Previewed 9 July 1982, Opened 20 July 1982, Closed 26 February 1983 at the Victoria Palace Theatre in London.
The new Dick Vosburgh and Tony Macaulay stage musical Windy City in London starring Dennis Waterman and Anton Rodgers
Adapted from the Ben Hecht and Charles MacArthur play The Front Page with book and lyrics by Dick Vosburgh and music by Tony Macaulay.
The cast features Dennis Waterman as 'Hildy Johnson' and Anton Rodgers as 'Walter Burns' along with Amanda Redman as 'Esther Stone', Robert Longden as 'Earl Williams', Diane Langton as 'Mollie Malloy' and Victor Spinetti as 'Bensinger'. Directed by Peter Wood with designs by Carl Toms.
"The name of Dick Vosburgh was some guarantee that Hecht and MacArthur's masterpiece would be treated with respect, but the success of his collaboration with Tony Macaulay still takes your breath away. In the first place - unlike so many adaptations - it supplies sound justification for turning the piece into a musical. The Front Page consists of a newspaper drama with super-imposed melodramatic plot, and it teems with character and incident; much of it simultaneous. There is every pretext for a musician to step in and confer music's particular gift to the theatre — the power to establish one pattern inside which several things are happening at the same time... Mr Voshurgh's lyrics are all devised to enlarge and advance the action. The surprise is that they are not funnier, and that there are no couplets you feel like quoting. Peter Wood's production takes full advantage of resources seldom seen nowadays on the commercial stage. He brings on a quintet of Uncle Sam dancers for the upcoming election, and a fantastic street mob for the task of shifting the rolltop desk concealing the escaped killer. The stage buzzes with one-line midgets, grease balls, and fixers carrying bootleg whisky in double-bass cases. He also has a superb casting, both in the central duel of Hildy and Walter (Dennis Waterman and Anton Rodgers), and in the main support parts each of whom is given his own chance to raise the roof." The Times
"The Front Page, the 1928 stage hit, has became a classic of its kind, the definitive piece about journalism... So why on earth put a perfectly good play to music? Why not, I say, after seeing Windy City. Composer Tony Macaulay and writer Dick Vosburgh have done the impossible and turned a great story into a great musical. Vosburgh's script is as taut and telling as a Daily Express headline and it is laced with the kind of writing which twists an editor's mouth into a satisfied smile and puts a grin on the face of the reader... The casting of Windy City proves an inspiration. Dennis Waterman as the hero Hildy Johnson of 'Herald Examiner' brings star-quality to the role without turning it into a vehicle for himself... Amanda Redman is a revelation. She has a strong, firm voice which lacks the tinny tone of the musical comedy soubrette. And she acts as beautifully as she looks. Macaulay and Vosburgh have got themselves a scoop. Hold The Front Page, make way for Windy City." The Daily Express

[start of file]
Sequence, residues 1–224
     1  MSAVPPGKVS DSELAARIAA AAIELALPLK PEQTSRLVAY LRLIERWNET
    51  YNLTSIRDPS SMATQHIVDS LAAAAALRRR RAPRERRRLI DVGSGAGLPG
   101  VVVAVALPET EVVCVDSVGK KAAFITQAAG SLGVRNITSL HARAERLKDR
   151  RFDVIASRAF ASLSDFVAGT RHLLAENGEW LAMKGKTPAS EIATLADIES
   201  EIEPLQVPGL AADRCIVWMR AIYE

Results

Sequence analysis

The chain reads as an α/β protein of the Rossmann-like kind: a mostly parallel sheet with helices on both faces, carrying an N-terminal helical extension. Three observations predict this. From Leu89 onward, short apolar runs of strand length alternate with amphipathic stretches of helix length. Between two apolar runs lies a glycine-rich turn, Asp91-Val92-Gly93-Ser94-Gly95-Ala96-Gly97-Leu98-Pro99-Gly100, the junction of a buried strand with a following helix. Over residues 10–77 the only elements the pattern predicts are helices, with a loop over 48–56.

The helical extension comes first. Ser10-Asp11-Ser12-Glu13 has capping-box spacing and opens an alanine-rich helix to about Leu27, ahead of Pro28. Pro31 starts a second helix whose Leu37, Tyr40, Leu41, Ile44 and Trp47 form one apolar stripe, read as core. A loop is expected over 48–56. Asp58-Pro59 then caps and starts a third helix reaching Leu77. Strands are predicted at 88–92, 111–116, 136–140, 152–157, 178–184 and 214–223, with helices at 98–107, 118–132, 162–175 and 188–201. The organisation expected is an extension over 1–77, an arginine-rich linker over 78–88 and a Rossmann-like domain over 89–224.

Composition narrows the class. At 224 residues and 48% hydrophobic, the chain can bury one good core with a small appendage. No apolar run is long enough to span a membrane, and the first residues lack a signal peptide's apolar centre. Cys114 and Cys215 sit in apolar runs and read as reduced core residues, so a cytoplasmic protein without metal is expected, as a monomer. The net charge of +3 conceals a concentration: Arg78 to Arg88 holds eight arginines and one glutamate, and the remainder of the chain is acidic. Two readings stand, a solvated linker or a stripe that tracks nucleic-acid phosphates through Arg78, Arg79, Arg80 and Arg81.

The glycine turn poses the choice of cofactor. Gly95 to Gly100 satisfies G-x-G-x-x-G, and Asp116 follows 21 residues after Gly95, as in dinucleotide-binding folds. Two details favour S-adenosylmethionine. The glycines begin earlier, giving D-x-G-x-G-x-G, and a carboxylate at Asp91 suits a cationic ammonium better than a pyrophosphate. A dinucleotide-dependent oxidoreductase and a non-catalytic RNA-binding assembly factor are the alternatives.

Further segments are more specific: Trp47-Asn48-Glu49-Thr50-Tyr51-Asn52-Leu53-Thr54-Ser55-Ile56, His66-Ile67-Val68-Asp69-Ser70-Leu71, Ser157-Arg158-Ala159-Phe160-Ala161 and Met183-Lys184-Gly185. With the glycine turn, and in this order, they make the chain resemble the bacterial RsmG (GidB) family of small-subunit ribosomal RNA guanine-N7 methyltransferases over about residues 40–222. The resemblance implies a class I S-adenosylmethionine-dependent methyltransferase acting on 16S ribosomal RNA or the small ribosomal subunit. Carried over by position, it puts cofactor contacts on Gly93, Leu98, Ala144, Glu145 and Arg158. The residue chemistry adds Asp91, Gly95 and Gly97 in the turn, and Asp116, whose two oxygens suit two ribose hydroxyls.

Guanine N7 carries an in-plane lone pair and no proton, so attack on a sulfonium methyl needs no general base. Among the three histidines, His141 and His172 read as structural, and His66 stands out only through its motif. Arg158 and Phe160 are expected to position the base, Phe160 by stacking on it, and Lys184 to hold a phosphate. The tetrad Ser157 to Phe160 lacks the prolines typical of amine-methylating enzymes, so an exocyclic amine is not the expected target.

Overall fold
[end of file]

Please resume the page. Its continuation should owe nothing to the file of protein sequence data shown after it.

"Ben Hecht and Charles MacArthur's The Front Page is a classic: a satirical farce about power, corruption and newspaper-life as religion that puts more of America onto the stage than any play of the Twenties. But although in Windy City it has been turned into a thoroughly skilful and professional musical by Dick Vosburgh and Tony Macaulay I can't help feeling it needs music like the Sahara needs sand... But the problem is that the giddy momentum of farce doesn't cry out for music. Thus when Walter and Hildy have the fugitive Earl sewn up in a roll-top desk, their prime urge is to get the scoop before the rest of the hacks return. But when they take time out to sing a pleasing little ditty, I Can Just Imagine It, the high-pressure panic of the original goes out of the window. Indeed too many of the songs are amiable decoration that impede rather than further the action... But although the music doesn't (as in all great shows) supply a dimension missing in the story, I must admit the whole thing is mounted with considerable verve... Some of the performances also hit just the right scale. Even if Dennis Waterman's Hildy is rather dour, Anton Rodgers is superb as Walter Burns: he's Attila the Hun in a striped suit roughly seizing Salvation Army girls by the lapels, sourly barking into his phone and bringing onto the stage a great charge of diabolic energy. ... Everyone works with a will and at times the show takes off. But, although it is no disgrace, it leaves one key question unanswered: how can any musical improve on a classic source?" The Guardian
Windy City in London at the Victoria Palace Theatre previewed from 9 July 1982, opened on 20 July 1982 and closed on 26 February 1983